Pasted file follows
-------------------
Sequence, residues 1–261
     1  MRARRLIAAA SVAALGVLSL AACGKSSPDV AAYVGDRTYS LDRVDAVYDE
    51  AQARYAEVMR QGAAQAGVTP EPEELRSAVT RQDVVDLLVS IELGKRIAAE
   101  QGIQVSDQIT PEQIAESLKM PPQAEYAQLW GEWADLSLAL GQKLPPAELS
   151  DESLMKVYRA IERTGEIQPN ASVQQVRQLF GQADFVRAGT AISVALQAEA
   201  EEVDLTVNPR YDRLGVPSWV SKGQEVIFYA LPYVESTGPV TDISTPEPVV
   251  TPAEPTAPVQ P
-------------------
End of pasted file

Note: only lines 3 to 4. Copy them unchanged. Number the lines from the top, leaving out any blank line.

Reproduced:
    51  AQARYAEVMR QGAAQAGVTP EPEELRSAVT RQDVVDLLVS IELGKRIAAE
   101  QGIQVSDQIT PEQIAESLKM PPQAEYAQLW GEWADLSLAL GQKLPPAELS